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The secret to Japan’s long life expectancy isn’t all about health

Michael McTague, Ph.D., is executive vice president at private equity firm Able Global Partners in New York.
Michael McTague, Ph.D., is executive vice president at private equity firm Able Global Partners in New York.

Diet, violence and genetics all play a role

Japan is regarded as the “healthiest” large country in the world. On the other end of the scale is the Czech Republic, which is surrounded by economically developed nations in Europe. In fact, it’s a member of the European Union and a candidate to join the euro zone.

Today we’re going to delve into why one nation does better than another in health and life expectancy, and discover some surprises along the way.

To the delight of medical Puritans, the Czech Republic’s poor showing is linked to a good deal of drinking and smoking. These health risks are frowned upon in some countries but hang on in Eastern Europe.

Smoking is connected to lung and other forms of cancer, according to a variety of sources. Life expectancy in the Czech Republic stands at 79.8 years, as reported by CVDs (cardiovascular diseases) span heart, blood vessels, coronary heart disease, cerebrovascular disease, rheumatic heart disease and other conditions, and form a greater cause of death than cancer in the Czech Republic, according to CVDs relate closely to smoking.

Investors will note that companies like Philip Morris PM have gained a large portion of their profit from countries outside the US, where American cigarettes are highly prized.

According to the OECD (Organisation for Economic Co-operation and Development), Japan came in 38th of 49 countries in alcohol consumption. Compare this to the Czech Republic, which far outpaces Japan and ranks near the top. During Prohibition in the US, life expectancy rose, giving credence to staying away from liquor. In fact, life expectancy has been on a general upward trend since the Civil War. In 1925, five years after Prohibition started, US life expectancy was 58.2 years, which was several years better than in 1920.

Japan, the long-life leader of big, well-established countries standing at 84.95 years, features such attractive elements as a low obesity rate, a healthy diet and access to high-quality healthcare. These measures of health relate to considerable wealth and common sense about eating. A preference for fish and an aversion to sugar play a role also. In contrast to the Czech Republic, tobacco use remains low.

Violence plays a role in how countries stack up on these grim statistics. Murder rates and the prevalence of violence as it affects ordinary people offer shocking evidence. According to the United Nations Office on Drugs and Crime’s Global Study on Homicide, 464,000 people were murdered in 2017 — more than five times as many as were killed in armed conflicts during the same period.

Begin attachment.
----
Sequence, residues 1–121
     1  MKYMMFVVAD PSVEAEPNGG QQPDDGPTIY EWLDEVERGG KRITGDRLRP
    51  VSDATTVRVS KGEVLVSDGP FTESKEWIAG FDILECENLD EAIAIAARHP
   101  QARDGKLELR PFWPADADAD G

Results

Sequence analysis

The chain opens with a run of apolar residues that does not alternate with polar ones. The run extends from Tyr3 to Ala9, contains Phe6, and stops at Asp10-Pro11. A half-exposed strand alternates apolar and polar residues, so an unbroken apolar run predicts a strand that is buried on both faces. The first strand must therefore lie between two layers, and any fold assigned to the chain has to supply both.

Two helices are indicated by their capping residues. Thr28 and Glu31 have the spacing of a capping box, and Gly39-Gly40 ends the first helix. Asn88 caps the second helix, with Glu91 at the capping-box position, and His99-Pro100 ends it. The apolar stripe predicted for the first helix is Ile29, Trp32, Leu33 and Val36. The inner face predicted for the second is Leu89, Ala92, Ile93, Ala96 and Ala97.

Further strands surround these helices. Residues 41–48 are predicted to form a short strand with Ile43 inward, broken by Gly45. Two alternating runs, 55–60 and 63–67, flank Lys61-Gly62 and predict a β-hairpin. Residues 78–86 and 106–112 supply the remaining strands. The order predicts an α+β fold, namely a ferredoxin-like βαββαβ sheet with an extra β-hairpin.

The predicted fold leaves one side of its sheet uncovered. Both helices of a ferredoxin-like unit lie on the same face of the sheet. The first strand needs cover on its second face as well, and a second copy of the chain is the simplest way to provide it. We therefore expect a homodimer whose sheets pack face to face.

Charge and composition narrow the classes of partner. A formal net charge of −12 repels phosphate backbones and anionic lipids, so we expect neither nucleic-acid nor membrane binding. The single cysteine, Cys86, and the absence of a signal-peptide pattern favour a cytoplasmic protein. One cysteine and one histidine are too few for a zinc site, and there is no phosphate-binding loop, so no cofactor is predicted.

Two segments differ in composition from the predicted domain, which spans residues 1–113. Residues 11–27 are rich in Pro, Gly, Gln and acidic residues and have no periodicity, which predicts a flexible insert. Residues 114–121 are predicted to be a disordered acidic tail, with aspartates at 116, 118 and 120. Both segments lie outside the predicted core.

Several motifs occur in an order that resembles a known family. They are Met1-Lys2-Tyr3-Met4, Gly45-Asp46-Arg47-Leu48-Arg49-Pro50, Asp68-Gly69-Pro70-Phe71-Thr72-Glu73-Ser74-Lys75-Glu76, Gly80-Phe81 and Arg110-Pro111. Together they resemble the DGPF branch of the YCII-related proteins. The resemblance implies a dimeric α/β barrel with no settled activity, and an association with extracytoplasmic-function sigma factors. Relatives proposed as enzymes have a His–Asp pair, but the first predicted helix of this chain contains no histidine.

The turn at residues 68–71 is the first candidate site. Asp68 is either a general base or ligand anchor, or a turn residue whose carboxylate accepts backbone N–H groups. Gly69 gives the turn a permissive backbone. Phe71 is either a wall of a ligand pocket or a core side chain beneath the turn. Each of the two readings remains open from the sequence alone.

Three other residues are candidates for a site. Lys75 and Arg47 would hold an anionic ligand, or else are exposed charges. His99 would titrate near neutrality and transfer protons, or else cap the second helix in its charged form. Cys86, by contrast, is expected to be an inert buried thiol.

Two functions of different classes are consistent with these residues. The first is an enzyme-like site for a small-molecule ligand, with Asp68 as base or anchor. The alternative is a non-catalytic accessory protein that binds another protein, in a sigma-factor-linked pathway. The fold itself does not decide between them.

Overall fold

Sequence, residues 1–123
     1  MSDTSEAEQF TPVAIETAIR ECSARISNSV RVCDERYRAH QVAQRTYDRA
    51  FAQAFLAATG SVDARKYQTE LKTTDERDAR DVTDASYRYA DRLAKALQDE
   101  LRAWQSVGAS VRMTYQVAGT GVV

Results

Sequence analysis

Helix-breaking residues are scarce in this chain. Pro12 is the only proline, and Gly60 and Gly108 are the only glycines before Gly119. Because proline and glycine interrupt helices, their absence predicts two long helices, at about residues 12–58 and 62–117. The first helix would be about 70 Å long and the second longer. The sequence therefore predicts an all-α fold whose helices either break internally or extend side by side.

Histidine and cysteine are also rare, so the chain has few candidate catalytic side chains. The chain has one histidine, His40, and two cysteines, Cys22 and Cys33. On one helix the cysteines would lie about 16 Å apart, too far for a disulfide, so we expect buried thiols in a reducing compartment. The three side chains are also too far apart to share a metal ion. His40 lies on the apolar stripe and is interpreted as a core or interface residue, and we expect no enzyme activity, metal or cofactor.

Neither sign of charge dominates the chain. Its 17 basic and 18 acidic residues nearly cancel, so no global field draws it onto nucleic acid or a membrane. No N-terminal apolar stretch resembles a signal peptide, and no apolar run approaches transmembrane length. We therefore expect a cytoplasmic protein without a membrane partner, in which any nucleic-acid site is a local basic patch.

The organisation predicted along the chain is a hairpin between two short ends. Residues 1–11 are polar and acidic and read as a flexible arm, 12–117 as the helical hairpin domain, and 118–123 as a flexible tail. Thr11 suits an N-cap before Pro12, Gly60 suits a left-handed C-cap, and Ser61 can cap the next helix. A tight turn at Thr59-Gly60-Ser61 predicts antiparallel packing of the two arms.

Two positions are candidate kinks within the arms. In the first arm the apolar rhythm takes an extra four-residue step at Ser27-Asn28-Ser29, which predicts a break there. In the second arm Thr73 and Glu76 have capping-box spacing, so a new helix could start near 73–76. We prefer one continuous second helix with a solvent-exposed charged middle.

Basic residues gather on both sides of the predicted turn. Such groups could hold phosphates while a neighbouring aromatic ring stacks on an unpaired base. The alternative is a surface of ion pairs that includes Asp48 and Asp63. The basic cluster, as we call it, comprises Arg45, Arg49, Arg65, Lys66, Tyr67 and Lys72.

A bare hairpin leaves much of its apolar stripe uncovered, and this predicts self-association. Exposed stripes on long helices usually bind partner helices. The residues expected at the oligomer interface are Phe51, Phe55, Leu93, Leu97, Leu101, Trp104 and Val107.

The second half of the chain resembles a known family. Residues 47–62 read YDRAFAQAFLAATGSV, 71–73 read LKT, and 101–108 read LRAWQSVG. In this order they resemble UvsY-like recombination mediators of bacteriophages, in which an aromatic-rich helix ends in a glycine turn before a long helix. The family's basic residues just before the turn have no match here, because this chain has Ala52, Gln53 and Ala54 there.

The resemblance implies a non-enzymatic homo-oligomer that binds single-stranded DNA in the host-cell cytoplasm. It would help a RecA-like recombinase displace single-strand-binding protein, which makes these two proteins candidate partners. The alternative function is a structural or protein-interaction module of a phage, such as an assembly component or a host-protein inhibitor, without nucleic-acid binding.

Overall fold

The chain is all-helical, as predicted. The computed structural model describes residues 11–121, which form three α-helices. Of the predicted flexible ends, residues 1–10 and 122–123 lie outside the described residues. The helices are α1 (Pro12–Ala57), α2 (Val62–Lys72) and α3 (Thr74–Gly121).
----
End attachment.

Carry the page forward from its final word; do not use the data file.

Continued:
Japan has one of the 10 lowest murder rates in the world, 0.26 per 100,000 people. The Czech Republic comes in at 0.45, nearly double, but the trend has been downward. Clearly, violence represents a significant factor and provides one reason why the US does not perform well on these surveys.

Genetics also plays a role in two ways. Certain genetic categories might be more prone to deadly illnesses. Conversely, one’s genes are inherited. So, life expectancy relates in part to the length of life of your ancestors. Also, and this is a subject we have covered in previous entries, some rare diseases have gotten a great deal of attention with a few breakthroughs achieved. For example, several studies looked at the relatively low prevalence of Covid-19 in Japan, which appears linked to genes. In addition, rare diseases tend to be prevalent in particular populations. Counties with more wealth and more medical research are much more likely to address such conditions. About 50 million people in Africa are affected by rare diseases. However, diagnosis and treatment remain limited.

Healthcare also forms a major consideration in the search for the healthiest place on earth. Japan is regarded as having excellent healthcare, and the Czech Republic also gets high marks when compared to its fellow European Union members. Note that despite the great lead the US holds in healthcare, research and medical services, the US is far from the healthiest country.

Access to medicine, especially antibiotics, needs to be noted. While a major concern in the US, Europe and Japan is antibiotic resistance, access to penicillin is limited in other parts of the world. Recently, Pfizer PFE reported a general shortage of penicillin supply. Such medical basics remain critical for extending life expectancy. 

One popular contemporary approach to finding out why life expectancy varies from country to country delves into elaborate blood tests and gene profiling. But a few social basics stand out. The current gene pool, in part, reflects the habits and conditions of contemporary life and the experiences of one’s ancestors.

There is a general upward trend of life expectancy. Even so, a difference of five years remains significant. Look on the bright side, 100 years ago in the US, life expectancy was 56.1 years for men and 58.5 years for women.